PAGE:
"I asked if I could speak to a supervisor," Ulayyet said. "He was very nice, very sympathetic, but he said, 'Literally for me to help I'm going to be breaking the law and I'm not going to break the law.'"

"My mom was in tears. My sister was in tears. I was in tears."

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Dr. Sarwa Aldoori, a family physician from Bakersfield, California, was returning home Saturday from an eight-day religious pilgrimage to Saudi Arabia when she was startled to be pulled aside from the rest of her group.

"Everything was OK until I got to the customs checking point and my colleagues and friends went through and the guy looked at my passport and eyed me and he said step aside," Aldoori said Sunday, her voice shaking as she tearfully described the ordeal.

She was released and reunited with her husband after nine hours.

Aldoori, a legal permanent resident of the U.S., said she made a similar pilgrimage to Saudi Arabia last year — "a very special visit in the life of every Muslim" — without incident.

As she cried and asked to know why she couldn't leave the airport this time, the doctor, who has lived in the United States since 1996, said an officer finally told her, "It's because you were born in Iraq," she said.

"I looked at him and I said, 'You know, I am 62 years old. What did I do wrong?' He didn't say anything, he just looked at the floor and said have a seat."

Although angry and shaken, she said she still plans to eventually become a U.S. citizen.

"I'm not going to let something like that stop me," she said defiantly. "We used to have decent people in government and now we don't."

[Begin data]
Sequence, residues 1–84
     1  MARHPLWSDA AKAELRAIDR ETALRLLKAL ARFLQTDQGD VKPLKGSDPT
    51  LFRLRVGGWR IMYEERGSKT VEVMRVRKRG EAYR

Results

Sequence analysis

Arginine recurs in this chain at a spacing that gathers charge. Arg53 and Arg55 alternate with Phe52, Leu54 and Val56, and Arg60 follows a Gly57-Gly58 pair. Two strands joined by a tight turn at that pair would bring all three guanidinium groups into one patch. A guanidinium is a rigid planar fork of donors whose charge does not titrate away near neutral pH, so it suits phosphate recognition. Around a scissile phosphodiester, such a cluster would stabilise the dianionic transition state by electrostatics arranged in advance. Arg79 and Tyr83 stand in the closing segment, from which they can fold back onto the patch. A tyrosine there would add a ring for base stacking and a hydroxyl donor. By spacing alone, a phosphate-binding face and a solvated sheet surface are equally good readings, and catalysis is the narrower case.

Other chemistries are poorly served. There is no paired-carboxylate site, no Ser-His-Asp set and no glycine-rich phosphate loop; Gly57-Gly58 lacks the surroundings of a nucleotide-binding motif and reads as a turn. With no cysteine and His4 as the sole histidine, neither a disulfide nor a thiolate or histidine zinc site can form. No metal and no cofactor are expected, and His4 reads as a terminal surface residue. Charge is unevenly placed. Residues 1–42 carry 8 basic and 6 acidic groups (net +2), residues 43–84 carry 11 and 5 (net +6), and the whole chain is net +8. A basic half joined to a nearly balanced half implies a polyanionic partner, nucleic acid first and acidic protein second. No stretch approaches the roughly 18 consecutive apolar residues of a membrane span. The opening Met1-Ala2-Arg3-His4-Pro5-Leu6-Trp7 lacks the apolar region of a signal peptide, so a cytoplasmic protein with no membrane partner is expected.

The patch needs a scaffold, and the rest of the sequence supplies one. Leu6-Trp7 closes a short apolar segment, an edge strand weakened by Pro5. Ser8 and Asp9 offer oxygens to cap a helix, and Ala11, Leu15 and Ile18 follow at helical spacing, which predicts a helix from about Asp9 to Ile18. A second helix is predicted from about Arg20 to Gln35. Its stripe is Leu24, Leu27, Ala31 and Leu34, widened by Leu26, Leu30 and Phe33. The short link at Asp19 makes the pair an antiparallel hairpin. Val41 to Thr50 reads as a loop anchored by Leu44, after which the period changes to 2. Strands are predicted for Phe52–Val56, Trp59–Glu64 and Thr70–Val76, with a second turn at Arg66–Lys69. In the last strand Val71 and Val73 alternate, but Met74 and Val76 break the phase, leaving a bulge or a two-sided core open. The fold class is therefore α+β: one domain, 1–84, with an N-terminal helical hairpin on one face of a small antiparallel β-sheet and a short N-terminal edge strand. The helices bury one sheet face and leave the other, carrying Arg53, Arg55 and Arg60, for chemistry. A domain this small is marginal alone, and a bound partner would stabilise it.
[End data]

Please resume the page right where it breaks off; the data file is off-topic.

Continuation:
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Fateme Farmad was returning from Iran to her Minneapolis home with her 11-month-old son when she was detained and questioned for more than 12 hours at Los Angeles International Airport.

Farmad and her family had traveled to Iran last month to visit relatives and her husband, Masoud Samet, had returned home without incident on Jan. 6. She stayed with other family members to attend a wedding.

When the group arrived Saturday, her brother, a U.S. citizen, was immediately allowed back in. She and her mother and her son were held.

"They are OK, but they are very tired and the situation was unexpected and very horrible," said her husband.

Attorneys who filed legal action demanding Farmad's release accused officials at the airport of attempting to coerce her into signing papers relinquishing her permanent resident status.

Farmad, who has lived in the United States for five years, is scheduled to take her oath of citizenship on Feb. 13.

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Associated Press Writers Caryn Rousseau in Chicago and Amy Forliti in Minneapolis contributed to this story.